1 Peter 3:1-4

Second in a two part series! Part One is here: 2 Peter 2.

1 Peter 3:1-4

1 Likewise, wives, be subject to your own husbands, so that even if some do not obey the word, they may be won without a word by the conduct of their wives, 2 when they see your respectful and pure conduct.

(ESV)

This is one of those passages that has always made me come over all lefty and feminist. This time approaching the passage I was determined not to read in the same old way. When I read this time, I was struck by the idea of providing an example, rather than giving verbal admonishments — words were like the superficial decorations mentioned in verse 3, while conduct was like the gentle & quiet spirit of verse 4. I didn’t think of wife vs husband; I thought of myself being an example to my wife (and to myself).

Then I read the reading notes, which drew attention to the “even if some do not obey the word” in verse 1:

However, I think Peter might’ve had a specific group of women in mind when he was speaking these words —– wives who were married to unbelievers —– though every woman or man can learn from his teachings on submission here.

I am married to an unbeliever!

Going back again to read the passage, reading verses 3 & 4 broke a wave of upset and confusion over me:

3 Do not let your adorning be external — the braiding of hair, the wearing of gold, or the putting on of clothing — 4 but let your adorning be the hidden person of the heart with the imperishable beauty of a gentle and quiet spirit, which in God’s sight is very precious.

(ESV)

3 Your beauty should lie, not in outward adornment — braiding the hair, wearing gold ornaments, or dressing up in fine clothes — 4 but in the inmost self, with its imperishable quality of a gentle, quiet spirit, which is of high value on the sight of God.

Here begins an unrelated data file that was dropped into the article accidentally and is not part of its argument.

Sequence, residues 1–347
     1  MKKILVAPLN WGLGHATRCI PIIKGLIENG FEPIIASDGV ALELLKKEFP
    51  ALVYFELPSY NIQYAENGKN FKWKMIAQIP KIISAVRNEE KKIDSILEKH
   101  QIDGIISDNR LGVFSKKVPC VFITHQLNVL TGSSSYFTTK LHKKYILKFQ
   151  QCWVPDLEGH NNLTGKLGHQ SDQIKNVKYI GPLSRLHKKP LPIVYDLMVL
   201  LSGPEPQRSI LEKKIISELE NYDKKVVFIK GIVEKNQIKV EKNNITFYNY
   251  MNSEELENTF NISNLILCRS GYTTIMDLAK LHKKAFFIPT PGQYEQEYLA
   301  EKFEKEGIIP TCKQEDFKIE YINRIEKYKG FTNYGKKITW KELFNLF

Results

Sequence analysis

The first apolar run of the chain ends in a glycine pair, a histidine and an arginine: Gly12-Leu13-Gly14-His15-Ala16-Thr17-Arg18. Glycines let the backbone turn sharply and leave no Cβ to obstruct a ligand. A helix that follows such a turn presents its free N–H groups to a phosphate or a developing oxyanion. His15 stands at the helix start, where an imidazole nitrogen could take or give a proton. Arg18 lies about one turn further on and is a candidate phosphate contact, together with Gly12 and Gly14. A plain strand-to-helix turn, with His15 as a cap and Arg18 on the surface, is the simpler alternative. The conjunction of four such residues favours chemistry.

(REB)

I didn’t realise it at the time, but each time I returned to the text I was reading it more and more “as” the wife. And then I hit the end of verse 3: “the putting on of clothing”; the REB actually says “dressing up” which is the phrase I use on this blog.

My thinking (if you can call it that – emoting) went like this:

“… the putting on of clothing”, “dressing up in fine clothes”

  • what kind of clothing would I be putting on, as a wife? That is the clothing I’d like to be putting on;
  • the language “the putting on” seems to focus on the activity itself: stepping into the “fine clothes”, and the relief and safety I feel;

“Do not let your adorning be external”

  • for me these adornments are not external, they are carefully hidden and private, and associated with a secret (snowflake) “inmost self”

I don’t think I ended up with any message, but the reading I was constructing was so obviously at variance with any “correct” reading, I found it very upsetting — out of nowhere.

I think perhaps I was primed for something like this to happen as I’d been doing a lot of online “window shopping”: some business trips, and some wife & son absences, were coming up. (I didn’t buy anything in the end.)

Why do I want to recount all this here?

  • I was surprised and still am at how shocked and moved I was by this confrontation with Scripture.
  • The power and the shock only happened because I was reading the Scripture as part of a group.
  • The strength of this response shows me, I think, how this “dressing up” habit is much closer to my heart, more a part of me, than my other Bad Habits.
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